Stevie Nicks has good reason not to stop thinking about tomorrow: a looming Internal Revenue Service tax dispute.
The IRS is seeking $85,887 in additional taxes from the former Fleetwood Mac singer, saying she improperly took about $270,000 in business expense deductions for makeup, hair styling, clothes, a home office and management fees, according to U.S. Tax Court papers reviewed by The Times.
Among the expenses in dispute: $43,291 for clothes worn during performances, expenditures a Nicks lawyer in court documents defends as necessary because “much of this clothing is discarded immediately after use because it simply cannot be reused, given the energy levels of [Nicks’] performances and the heat generated on stage from lights and physical exertion.”
The case highlights an often murky tax question in the entertainment business: What can artists and performers reasonably claim is necessary to maintain carefully cultivated images?
Over the years, Nicks has projected a gypsy-like persona on stage. In her tax papers, lawyer George G. Short of Santa Barbara argues that her hair and clothing “must be themed to each performance, is not suitable for ordinary wear and is not adaptable to [Nicks’] general or continued use.” She is required “to maintain a stage persona and appearance which is unlike her everyday persona and appearance.”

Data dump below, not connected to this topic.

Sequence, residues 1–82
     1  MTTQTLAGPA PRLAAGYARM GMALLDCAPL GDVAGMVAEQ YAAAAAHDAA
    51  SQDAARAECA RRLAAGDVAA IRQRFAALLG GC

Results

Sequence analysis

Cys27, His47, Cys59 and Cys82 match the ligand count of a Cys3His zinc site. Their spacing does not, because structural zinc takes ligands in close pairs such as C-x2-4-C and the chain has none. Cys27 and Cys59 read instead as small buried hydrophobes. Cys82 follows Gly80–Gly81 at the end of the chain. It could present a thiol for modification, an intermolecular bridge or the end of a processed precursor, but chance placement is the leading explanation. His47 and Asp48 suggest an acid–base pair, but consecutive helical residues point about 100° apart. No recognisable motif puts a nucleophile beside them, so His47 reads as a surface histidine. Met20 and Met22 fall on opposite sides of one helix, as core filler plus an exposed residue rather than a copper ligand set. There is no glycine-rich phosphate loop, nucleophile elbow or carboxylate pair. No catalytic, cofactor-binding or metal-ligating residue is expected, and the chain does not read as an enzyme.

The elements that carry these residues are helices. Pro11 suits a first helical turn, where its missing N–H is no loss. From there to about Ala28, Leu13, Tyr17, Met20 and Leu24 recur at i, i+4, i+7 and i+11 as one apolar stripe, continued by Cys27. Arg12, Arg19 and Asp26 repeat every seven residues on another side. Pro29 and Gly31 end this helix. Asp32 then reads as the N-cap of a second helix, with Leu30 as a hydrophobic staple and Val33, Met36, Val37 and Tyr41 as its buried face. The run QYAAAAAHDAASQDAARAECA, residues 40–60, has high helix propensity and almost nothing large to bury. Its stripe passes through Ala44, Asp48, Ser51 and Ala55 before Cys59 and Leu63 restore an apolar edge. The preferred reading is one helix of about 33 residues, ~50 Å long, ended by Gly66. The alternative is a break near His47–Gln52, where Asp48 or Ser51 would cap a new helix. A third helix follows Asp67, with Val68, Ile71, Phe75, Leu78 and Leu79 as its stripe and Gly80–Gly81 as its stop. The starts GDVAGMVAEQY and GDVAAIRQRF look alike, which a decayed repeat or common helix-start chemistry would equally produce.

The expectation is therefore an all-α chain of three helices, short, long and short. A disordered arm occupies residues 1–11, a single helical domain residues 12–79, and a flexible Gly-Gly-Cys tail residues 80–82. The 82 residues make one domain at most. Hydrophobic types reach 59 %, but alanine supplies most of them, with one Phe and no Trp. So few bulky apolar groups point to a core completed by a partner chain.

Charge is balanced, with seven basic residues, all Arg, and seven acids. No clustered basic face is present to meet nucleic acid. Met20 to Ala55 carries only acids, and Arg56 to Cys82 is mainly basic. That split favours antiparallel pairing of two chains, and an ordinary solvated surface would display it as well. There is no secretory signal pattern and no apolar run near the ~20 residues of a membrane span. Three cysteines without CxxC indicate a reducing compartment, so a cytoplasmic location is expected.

Short adds, “When not performing, [Nicks’] makeup and hair-styling needs are minimal” so she doesn’t claim them as a business expense then.
The Nicks case stems from an audit of her 1991 tax return. It has recently come to light in public documents, the result of her decision to appeal the case last month to Tax Court in Alexandria, Va. The majority of such tax disputes are rarely made public because they are usually settled in the early stages.
Nicks, whose real name is Stephanie, was virtually unknown until she joined Fleetwood Mac in the mid-1970s just before the group’s career rocketed. With such albums as “Fleetwood Mac” and “Rumours,” the band became one of the biggest-selling rock groups of all time, recording such hits as “Rhiannon,” “Over My Head,” “Dreams” and “Don’t Stop,” which became the anthem of President Clinton’s 1992 presidential campaign.
Nicks also appeals $119,291 claimed as a business expense for payments to her personal manager, along with an additional $33,750 to write off an investment she made in the album “Buckingham-Nicks,” which she and fellow Fleetwood Mac member Lindsey Buckingham jointly financed in 1974. That album was overshadowed by the success of Fleetwood Mac’s albums, court papers say, and the two decided in 1991 to abandon any efforts to continue to promote it.
Nicks also disputes an IRS decision disallowing $50,160 in expenses to maintain a business office in her Arizona home. In the petition, Short argues that Nicks used the office to compose songs, talk with advisors and executives and conduct her business as a songwriter and performer.
Finally, Short argues that Nicks also must spend money on private security services because she can attract unwanted attention “which disturbs and interrupts her trade, both while working from her home and when traveling on business.”
Short declined to comment on the case beyond what he wrote in court papers.
An IRS spokesman said the agency does not comment on pending cases.